Federal prosecutors are charging the eminent doctor, Kiril Pafko, with murder, fraud, and insider trading. An Argentine émigré like Stern, Pafko is no angel. His counselor is certain he sold stock in the company that produced the drug, g-Livia, before users' deaths were reported. The 78-year-old Nobelist is a serial adulterer whose former and current lovers have strong ties to the case. Working for one final time alongside his daughter and proficient legal partner, Marta, who has announced she will close the firm and retire along with her father following the case, Stern must deal not only with "senior moments" before Chief Judge Sonya "Sonny" Klonsky, but also his physical frailty. While taking a deep dive into the ups and downs of a complicated big-time trial, Turow (Testimony, 2017, etc.) crafts a love letter to his profession through his elegiac appreciation of Stern, who has appeared in all his Kindle County novels. The grandly mannered attorney (his favorite response is "Just so") has dedicated himself to the law at great personal cost. But had he not spent so much of his life inside courtrooms, "He never would have known himself." With its bland prosecutors, frequent focus on technical details like "double-blind clinical trials," and lack of real surprises, the novel likely will disappoint some fans of legal thrillers. But this smoothly efficient book gains timely depth through its discussion of thorny moral issues raised by a drug that can extend a cancer sufferer's life expectancy at the risk of suddenly ending it.

A strongly felt, if not terribly gripping, sendoff for a Turow favorite nearly 35 years after his appearance in Presumed Innocent.

Pub Date: May 12, 2020

ISBN: 978-1-5387-4813-8

Page Count: 448

Publisher: Grand Central Publishing

Review Posted Online: Feb. 10, 2020

Kirkus Reviews Issue: March 1, 2020

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Amateurish, with a twist savvy readers will see coming from a mile away.

THE SILENT PATIENT

A woman accused of shooting her husband six times in the face refuses to speak.

"Alicia Berenson was thirty-three years old when she killed her husband. They had been married for seven years. They were both artists—Alicia was a painter, and Gabriel was a well-known fashion photographer." Michaelides' debut is narrated in the voice of psychotherapist Theo Faber, who applies for a job at the institution where Alicia is incarcerated because he's fascinated with her case and believes he will be able to get her to talk. The narration of the increasingly unrealistic events that follow is interwoven with excerpts from Alicia's diary. Ah, yes, the old interwoven diary trick. When you read Alicia's diary you'll conclude the woman could well have been a novelist instead of a painter because it contains page after page of detailed dialogue, scenes, and conversations quite unlike those in any journal you've ever seen. " 'What's the matter?' 'I can't talk about it on the phone, I need to see you.' 'It's just—I'm not sure I can make it up to Cambridge at the minute.' 'I'll come to you. This afternoon. Okay?' Something in Paul's voice made me agree without thinking about it. He sounded desperate. 'Okay. Are you sure you can't tell me about it now?' 'I'll see you later.' Paul hung up." Wouldn't all this appear in a diary as "Paul wouldn't tell me what was wrong"? An even more improbable entry is the one that pins the tail on the killer. While much of the book is clumsy, contrived, and silly, it is while reading passages of the diary that one may actually find oneself laughing out loud.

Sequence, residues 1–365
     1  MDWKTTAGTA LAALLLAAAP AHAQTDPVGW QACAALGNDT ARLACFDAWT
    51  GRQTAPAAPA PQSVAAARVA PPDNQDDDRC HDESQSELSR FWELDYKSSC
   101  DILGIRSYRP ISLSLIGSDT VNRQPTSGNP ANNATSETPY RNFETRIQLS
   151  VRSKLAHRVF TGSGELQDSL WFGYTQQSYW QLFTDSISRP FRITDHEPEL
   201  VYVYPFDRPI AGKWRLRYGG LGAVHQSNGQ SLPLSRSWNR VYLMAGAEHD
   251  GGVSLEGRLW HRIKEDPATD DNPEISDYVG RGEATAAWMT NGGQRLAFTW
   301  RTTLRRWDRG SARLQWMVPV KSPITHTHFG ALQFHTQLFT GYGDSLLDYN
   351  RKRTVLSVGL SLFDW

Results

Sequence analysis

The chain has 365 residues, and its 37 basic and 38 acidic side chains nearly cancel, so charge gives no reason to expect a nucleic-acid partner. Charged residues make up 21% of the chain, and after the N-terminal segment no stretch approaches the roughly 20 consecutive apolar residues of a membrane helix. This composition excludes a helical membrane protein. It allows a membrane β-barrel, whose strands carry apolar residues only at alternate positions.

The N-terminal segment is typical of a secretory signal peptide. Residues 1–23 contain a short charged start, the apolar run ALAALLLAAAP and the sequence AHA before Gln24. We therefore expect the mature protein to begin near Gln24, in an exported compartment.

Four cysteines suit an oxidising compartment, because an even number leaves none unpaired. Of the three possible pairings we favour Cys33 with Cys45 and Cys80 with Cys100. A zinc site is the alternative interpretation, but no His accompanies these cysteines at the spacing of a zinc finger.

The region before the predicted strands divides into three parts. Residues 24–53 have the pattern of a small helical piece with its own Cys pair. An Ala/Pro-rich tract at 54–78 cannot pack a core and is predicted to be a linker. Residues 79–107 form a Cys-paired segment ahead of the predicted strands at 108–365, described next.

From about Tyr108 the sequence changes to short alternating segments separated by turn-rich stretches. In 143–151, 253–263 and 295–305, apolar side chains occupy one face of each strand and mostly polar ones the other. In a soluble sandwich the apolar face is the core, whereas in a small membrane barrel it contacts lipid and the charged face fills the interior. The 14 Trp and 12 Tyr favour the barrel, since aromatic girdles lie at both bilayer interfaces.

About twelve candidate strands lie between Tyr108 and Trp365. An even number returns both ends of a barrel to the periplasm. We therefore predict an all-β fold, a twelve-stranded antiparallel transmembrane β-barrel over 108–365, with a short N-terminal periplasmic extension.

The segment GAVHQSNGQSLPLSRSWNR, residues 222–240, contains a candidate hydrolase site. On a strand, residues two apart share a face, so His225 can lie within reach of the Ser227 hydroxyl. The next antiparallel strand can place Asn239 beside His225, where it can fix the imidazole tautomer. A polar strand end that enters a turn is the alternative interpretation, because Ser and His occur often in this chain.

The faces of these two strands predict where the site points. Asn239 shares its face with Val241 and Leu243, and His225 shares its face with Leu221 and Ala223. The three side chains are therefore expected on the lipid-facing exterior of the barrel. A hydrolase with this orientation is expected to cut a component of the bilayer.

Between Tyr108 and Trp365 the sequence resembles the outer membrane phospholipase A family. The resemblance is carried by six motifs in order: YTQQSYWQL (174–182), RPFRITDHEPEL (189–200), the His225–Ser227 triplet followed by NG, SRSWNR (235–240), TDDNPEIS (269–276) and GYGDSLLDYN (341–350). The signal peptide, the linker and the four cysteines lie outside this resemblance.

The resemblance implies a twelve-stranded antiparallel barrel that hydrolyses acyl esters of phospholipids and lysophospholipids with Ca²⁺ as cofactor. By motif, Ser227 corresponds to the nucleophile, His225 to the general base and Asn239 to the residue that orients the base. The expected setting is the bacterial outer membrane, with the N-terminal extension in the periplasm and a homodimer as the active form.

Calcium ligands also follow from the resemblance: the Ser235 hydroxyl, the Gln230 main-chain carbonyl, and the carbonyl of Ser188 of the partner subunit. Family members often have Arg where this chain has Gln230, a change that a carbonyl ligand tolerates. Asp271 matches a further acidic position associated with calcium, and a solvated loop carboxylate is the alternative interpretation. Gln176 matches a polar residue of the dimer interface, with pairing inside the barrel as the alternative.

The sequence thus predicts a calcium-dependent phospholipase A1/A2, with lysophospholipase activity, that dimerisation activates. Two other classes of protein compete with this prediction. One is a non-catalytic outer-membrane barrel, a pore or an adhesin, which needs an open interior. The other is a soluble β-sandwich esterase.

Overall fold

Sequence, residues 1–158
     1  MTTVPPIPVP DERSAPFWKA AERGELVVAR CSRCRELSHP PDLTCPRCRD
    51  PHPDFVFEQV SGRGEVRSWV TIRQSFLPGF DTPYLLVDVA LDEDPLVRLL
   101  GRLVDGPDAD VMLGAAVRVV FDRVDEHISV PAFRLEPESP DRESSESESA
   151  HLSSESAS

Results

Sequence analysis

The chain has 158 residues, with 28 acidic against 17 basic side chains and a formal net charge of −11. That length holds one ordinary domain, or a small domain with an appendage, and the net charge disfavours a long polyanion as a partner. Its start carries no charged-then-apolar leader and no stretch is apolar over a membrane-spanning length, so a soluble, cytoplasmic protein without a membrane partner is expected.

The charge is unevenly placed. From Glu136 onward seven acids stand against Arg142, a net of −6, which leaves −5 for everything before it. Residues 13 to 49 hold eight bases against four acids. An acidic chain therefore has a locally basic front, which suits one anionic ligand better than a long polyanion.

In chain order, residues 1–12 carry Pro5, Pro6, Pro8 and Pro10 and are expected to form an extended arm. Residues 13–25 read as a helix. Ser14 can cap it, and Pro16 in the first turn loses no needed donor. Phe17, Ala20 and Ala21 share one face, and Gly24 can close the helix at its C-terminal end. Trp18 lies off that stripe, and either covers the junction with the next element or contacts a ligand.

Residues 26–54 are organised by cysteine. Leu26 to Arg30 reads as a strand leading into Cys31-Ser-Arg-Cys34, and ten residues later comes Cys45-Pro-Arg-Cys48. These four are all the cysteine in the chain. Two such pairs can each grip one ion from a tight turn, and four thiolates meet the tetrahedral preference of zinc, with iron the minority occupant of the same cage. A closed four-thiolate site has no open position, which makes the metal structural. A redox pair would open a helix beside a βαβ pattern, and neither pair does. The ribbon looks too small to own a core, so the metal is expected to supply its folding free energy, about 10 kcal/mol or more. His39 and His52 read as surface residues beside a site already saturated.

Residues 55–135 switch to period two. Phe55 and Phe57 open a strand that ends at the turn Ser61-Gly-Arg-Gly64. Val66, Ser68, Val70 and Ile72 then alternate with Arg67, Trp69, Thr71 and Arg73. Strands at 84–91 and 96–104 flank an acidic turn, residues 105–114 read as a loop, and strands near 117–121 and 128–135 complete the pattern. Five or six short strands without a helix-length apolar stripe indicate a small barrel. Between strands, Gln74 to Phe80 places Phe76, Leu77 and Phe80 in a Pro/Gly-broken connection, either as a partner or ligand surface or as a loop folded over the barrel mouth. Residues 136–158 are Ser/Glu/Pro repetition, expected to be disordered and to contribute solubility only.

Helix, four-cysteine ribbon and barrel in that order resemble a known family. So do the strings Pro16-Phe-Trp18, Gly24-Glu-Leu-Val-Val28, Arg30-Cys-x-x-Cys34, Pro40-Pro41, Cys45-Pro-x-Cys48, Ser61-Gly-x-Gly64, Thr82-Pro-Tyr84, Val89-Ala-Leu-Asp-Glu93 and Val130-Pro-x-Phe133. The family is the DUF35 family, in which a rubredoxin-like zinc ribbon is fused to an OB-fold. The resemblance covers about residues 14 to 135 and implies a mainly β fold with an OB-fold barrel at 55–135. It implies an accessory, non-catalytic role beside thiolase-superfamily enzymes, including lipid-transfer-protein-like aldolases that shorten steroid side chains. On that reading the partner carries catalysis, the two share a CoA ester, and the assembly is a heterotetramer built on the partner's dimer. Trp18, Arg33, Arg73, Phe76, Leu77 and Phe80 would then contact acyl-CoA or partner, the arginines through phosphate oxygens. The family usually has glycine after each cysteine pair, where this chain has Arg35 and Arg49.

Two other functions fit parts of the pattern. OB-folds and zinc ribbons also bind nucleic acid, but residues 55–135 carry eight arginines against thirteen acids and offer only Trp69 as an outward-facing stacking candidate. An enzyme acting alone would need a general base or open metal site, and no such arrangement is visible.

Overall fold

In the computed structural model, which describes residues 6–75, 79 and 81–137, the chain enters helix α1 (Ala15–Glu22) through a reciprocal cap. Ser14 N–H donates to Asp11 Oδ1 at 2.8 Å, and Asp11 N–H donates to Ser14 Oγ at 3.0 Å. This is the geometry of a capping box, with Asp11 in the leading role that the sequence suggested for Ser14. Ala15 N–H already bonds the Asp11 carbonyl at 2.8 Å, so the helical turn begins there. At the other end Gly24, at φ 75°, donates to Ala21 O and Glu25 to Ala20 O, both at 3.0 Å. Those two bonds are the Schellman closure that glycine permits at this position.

Amateurish, with a twist savvy readers will see coming from a mile away.

Pub Date: Feb. 5, 2019

ISBN: 978-1-250-30169-7

Page Count: 304

Publisher: Celadon Books

Review Posted Online: Nov. 4, 2018

Kirkus Reviews Issue: Nov. 15, 2018